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Microsoft, PC Manufacturers conspiracy ?

dual booting windows 8 linux unified extensible firmware interface opinion

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#1 Hum

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Posted 20 February 2013 - 20:07

The new Microsoft Windows 8 systems that come preinstalled on a new computer have a special feature - a feature no other PC has ever had. By default they are locked down so you cannot dual boot Windows 8 with another operating system such as Linux or even older versions of Windows such as Windows XP and Windows 7.

Dual booting is a popular thing to do for many PC users because it allows them the ability to use the right applications they need to get the job done if those applications are not found on Windows 8 alone. Dual booting is also used in companies that require workers use multiple operating system platforms or home users and students to try out and learn about other operating systems. Many of these operating systems are faster than Windows and have other features Windows does not have, as well as there are things Windows does better than these operating systems like AAA Gaming.

The reason Windows 8 will not dual boot is because Microsoft has insisted that their PC manufacturer partners like HP and Dell ship with a new type of bios called UEFI (Unified Extensible Firmware Interface) and it's feature called Secure Boot enabled. Secure Boot acts as a protection feature that is supposed to ensure your system doesn't have any malware at the time of shipping. It works by checking keys in the operating system against hard coded keys in the UEFI. As these keys are signed by Microsoft, the system will not allow any other operating system to boot assuring you have a clean copy of Windows 8. This has never been done before in the PC market and for good reason - PC Manufacturers don't have problems with systems getting malware before they ship.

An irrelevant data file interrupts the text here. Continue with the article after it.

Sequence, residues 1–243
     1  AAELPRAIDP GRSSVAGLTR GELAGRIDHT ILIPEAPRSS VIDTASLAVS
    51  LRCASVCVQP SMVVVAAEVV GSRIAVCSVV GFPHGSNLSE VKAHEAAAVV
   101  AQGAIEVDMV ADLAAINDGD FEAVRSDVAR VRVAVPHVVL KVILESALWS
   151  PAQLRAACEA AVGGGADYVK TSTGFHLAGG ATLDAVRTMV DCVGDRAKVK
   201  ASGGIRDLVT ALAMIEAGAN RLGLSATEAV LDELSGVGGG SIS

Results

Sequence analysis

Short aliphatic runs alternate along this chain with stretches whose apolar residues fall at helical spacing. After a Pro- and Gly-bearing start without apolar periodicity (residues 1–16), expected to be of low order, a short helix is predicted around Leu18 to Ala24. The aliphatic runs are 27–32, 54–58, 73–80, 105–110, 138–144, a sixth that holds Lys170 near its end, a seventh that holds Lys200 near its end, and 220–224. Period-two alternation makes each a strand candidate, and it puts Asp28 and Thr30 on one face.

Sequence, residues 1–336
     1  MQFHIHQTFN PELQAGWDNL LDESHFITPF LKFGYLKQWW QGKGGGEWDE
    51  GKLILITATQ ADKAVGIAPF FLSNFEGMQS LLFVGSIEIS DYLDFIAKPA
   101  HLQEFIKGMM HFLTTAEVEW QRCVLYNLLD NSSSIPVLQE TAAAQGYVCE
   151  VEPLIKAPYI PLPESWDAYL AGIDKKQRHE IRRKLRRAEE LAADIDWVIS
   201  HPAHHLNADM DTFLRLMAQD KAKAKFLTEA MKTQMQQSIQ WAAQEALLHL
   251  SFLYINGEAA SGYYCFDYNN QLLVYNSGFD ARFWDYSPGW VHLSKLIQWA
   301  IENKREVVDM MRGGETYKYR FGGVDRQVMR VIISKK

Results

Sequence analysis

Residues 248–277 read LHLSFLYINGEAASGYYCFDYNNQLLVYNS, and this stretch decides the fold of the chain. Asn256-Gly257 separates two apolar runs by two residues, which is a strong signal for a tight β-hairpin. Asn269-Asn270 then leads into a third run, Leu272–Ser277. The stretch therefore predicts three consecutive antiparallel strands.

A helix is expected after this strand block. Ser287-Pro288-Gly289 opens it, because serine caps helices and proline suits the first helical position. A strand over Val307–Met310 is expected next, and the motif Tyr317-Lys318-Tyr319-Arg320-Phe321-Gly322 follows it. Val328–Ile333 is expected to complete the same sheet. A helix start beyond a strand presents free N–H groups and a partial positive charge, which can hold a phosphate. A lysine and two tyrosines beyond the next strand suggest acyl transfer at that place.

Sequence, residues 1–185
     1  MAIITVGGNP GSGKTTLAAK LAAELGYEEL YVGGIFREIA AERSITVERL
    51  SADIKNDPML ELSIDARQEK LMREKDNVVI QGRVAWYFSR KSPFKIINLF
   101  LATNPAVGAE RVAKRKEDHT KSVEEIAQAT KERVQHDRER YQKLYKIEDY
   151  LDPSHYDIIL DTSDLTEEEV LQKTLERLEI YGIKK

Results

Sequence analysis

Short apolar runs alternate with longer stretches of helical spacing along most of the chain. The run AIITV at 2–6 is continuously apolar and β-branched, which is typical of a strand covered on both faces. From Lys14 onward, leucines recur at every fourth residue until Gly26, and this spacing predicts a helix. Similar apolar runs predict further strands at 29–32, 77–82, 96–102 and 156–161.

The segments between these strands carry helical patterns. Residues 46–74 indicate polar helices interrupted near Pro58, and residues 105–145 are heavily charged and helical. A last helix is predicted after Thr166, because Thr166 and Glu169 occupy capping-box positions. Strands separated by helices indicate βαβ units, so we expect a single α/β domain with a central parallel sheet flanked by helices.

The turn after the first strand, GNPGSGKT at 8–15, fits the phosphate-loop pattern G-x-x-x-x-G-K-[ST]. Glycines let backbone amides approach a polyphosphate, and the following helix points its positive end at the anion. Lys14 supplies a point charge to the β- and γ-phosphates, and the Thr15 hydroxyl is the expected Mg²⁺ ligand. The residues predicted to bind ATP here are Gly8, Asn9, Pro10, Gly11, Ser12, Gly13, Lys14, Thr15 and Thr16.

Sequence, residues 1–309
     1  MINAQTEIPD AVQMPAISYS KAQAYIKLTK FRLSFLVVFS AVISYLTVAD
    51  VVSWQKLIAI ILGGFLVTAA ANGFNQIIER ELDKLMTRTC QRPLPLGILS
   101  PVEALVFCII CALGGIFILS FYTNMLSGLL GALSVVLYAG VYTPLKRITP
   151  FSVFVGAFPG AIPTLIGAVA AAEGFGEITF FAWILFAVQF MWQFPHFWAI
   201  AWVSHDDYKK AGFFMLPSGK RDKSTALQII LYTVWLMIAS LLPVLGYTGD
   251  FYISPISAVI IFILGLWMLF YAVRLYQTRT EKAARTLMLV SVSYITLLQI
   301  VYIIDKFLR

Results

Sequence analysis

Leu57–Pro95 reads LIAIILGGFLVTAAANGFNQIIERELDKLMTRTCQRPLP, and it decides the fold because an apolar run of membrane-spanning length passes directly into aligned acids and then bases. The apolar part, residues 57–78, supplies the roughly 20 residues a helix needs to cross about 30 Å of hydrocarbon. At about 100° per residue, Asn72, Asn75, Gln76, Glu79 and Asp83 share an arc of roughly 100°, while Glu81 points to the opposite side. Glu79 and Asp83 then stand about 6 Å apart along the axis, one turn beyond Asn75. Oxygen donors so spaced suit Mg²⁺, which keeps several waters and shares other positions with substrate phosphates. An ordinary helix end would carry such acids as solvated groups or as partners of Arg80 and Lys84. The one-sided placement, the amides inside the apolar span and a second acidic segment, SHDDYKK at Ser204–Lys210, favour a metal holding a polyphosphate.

PC's that ship with Windows are cheaper because Microsoft buys a portion of the hardware in exchange for HP offering Windows in the computer. The rep told me all the PC manufacturers and Microsoft have this same agreement. I wanted to know why there was no mention of UEFI in the HP documentation or why the tech support could not help me. The HP rep told me many times during our phone conversation that because they are paid by Microsoft, they adhere to Microsoft's wishes and not make it easy on people to learn about disabling Secure Boot so you can dual boot - something that is required by the manufacturers from Microsoft's own documentation called Windows 8 Hardware Certification Requirements for Client and Server Systems.

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#2 BajiRav

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Posted 20 February 2013 - 20:10

Not this crap again...

#3 Joshie

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Posted 20 February 2013 - 20:12

I also like trudging up articles about things we knew a year ago for fresh FUD!

Did you know that every time you connect to the internet you're assigned an identifier called an 'IP address' than can associate your online activity with your internet account? More at 11!

#4 threetonesun

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Posted 20 February 2013 - 20:13

1) old
2) false

#5 George P

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Posted 20 February 2013 - 20:13

Slow news day even in the forums I guess.

#6 Dot Matrix

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Posted 20 February 2013 - 20:14

*bang head here*

#7 billyea

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Posted 20 February 2013 - 20:18

Posted Image

Secure Boot is... exactly what it says, secure. Not crippled. Not a conspiracy. And even if it is, you can also shut it off.

#8 tim_s

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Posted 20 February 2013 - 20:18

The HP rep told me many times during our phone conversation that because they are paid by Microsoft, they adhere to Microsoft's wishes and not make it easy on people to learn about disabling Secure Boot so you can dual boot.